Saturday, December 27, 2014

Citing "Culture of Corruption," Schmidt Seeks Commission Seat

Al Schmidt, the Republican candidate for City Controller in 2009 and recently a senior adviser to the Republican Party of Pennsylvania, this morning released a stack of faxes and e-mails that he said demonstrates a "culture of corruption" among Democrats and Republicans in Philadelphia using public resources for partisan political purposes. Schmidt made his revelation while announcing that he will seek a seat on the Philadelphia City Commission in next May's primary election.

Citing "Culture of Corruption," Schmidt Seeks Commission Seat

Al Schmidt
Al Schmidt

Al Schmidt, the Republican candidate for City Controller in 2009 and recently a senior adviser to the Republican Party of Pennsylvania, this morning released a stack of faxes and e-mails that he said demonstrates a "culture of corruption" among Democrats and Republicans in Philadelphia using public resources for partisan political purposes.  Schmidt made his revelation while announcing that he will seek a seat on the Philadelphia City Commission in next May's primary election.

"The fact that they don't think its a big deal is what the big deal is," Schmidt said, flipping through copies of the documents blown up to poster size.   "It's so pervasive."

Schmidt said the documents show that local elected officials -- city, state and federal -- use their offices to coordinate election day workers such as poll watchers and judges of elections.  Based on the header information printed at the top of faxes, the documents came from U.S. Rep. Bob Brady's office along with the offices of state House representatives, City Council members and City Commission members.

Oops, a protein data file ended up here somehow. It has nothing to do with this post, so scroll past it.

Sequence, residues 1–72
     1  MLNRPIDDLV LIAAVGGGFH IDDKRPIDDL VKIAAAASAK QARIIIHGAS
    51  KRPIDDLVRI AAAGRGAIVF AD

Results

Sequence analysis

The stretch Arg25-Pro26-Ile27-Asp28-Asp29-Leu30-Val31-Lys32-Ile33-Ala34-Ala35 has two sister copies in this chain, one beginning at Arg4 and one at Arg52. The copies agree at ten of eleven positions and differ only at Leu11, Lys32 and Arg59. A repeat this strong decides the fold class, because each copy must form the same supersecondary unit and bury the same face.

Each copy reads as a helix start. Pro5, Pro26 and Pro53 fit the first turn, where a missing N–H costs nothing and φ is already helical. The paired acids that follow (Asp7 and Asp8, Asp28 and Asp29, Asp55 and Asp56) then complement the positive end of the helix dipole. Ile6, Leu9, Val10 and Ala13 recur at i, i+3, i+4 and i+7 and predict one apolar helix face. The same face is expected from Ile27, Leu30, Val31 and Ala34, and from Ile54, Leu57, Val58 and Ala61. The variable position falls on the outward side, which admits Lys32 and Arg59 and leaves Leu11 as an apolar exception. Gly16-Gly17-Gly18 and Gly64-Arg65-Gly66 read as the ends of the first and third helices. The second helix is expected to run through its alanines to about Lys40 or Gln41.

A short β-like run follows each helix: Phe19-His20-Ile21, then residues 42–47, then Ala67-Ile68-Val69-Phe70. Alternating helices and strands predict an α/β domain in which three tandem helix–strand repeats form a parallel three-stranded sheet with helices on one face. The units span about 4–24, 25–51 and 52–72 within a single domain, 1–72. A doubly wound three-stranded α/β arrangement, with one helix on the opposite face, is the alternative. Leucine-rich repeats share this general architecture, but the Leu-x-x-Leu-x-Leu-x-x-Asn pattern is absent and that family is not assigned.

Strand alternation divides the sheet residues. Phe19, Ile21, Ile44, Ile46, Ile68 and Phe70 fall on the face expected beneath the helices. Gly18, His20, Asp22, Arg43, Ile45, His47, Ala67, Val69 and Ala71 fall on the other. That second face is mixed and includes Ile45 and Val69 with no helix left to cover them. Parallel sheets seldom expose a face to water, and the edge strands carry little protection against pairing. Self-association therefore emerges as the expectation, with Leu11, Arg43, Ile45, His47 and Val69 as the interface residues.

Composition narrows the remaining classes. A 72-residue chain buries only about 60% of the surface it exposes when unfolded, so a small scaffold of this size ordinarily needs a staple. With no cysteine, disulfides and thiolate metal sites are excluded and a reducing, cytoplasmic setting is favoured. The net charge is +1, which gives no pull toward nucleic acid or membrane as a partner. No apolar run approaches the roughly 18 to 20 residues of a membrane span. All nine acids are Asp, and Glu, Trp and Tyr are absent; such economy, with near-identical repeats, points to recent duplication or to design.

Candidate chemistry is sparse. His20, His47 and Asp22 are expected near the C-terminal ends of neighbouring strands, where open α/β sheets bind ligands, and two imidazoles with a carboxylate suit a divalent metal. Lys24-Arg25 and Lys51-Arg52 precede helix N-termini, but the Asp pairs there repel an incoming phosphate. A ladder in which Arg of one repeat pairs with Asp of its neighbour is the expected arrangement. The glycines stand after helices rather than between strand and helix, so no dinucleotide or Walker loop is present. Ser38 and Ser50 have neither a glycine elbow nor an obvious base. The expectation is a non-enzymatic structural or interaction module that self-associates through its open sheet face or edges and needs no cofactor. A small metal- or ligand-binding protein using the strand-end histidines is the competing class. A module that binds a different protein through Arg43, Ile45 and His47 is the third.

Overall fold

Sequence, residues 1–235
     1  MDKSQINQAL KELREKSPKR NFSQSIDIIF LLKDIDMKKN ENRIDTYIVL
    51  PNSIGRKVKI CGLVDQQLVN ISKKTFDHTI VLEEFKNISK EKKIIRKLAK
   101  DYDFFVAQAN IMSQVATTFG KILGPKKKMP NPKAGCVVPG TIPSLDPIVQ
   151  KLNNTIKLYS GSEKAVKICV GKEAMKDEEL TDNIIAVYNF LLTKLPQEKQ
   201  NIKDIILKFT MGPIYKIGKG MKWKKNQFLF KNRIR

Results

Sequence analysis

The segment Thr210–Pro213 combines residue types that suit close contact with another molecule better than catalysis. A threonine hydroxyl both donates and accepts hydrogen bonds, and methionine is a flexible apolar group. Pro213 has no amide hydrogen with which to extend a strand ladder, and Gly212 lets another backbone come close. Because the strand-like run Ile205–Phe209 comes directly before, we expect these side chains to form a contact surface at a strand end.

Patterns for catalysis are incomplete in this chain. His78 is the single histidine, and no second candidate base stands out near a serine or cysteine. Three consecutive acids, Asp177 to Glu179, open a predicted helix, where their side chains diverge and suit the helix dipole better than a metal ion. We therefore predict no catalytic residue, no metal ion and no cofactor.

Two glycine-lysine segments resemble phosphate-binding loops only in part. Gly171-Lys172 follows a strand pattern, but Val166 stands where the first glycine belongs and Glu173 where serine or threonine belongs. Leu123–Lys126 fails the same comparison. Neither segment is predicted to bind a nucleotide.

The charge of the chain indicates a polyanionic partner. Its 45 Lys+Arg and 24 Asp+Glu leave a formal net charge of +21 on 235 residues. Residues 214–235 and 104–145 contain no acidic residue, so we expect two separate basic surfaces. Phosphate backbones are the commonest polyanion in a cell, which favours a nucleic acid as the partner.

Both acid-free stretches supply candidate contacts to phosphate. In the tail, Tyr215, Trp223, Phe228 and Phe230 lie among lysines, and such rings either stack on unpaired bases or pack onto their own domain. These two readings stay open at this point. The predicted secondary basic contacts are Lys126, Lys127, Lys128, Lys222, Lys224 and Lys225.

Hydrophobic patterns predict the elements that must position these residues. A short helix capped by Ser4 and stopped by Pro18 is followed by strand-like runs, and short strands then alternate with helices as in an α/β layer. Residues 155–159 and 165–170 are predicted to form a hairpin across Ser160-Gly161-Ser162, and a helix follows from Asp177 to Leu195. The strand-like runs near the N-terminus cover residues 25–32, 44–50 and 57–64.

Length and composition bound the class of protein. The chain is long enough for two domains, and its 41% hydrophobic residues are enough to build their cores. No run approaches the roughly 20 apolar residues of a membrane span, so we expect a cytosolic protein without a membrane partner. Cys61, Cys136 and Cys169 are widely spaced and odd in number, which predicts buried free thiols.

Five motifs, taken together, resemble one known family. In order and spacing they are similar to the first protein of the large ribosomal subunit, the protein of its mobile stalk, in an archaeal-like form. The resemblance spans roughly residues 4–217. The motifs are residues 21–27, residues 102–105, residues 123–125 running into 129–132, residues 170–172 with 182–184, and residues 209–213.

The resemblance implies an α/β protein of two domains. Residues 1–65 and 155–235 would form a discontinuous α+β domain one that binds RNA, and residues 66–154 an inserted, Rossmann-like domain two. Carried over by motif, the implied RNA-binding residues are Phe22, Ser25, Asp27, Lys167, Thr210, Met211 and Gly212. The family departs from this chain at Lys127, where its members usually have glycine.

One of the requests for Republican poll watcher certificates was faxed for Schmidt's 2009 run for Controller.  Schmidt explained that candidates sign waivers to allow people to seek certificates for them. 

Schmidt said he gathered the documents using public records requests and had them compiled before what he called a "train wreck" was made public this week about the City Commission.  The Philadelphia Board of Ethics announced that former Deputy City Commissioner Renee Tartaglione Matos retired last month after she was confronted with evidence that she had violated the City Charter ban on political activity by city employees.  Her mother, Commission Chairwoman Marge Tartaglione, repeatedly said "It's over" yesterday when asked about the retirement and then threatened to punch a reporter who asked about it.

About this blog
Chris Brennan, a native Philadelphian and graduate of Temple University, joined the Daily News in 1999. He has written about SEPTA, the Philadelphia School District, the legalization of casino gambling, state government, the mayor, the governor, City Council and political campaigns. E-mail tips to brennac@phillynews.com
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Jenny DeHuff is a 2005 graduate of the University of Rhode Island, where she cut her teeth in journalism. A South Philly transplant from New England, she joined the Daily News City Hall Bureau in 2013. For the past several years, she has worked as an investigative reporter exposing corruption in suburban politics, covering sometimes ghastly criminal court cases and following the people’s money and how its spent. In addition to being a dogged news hound, she enjoys reading and writing about travel, animals, Irish whiskey and aviation. E-mail tips to dehuffj@phillynews.com
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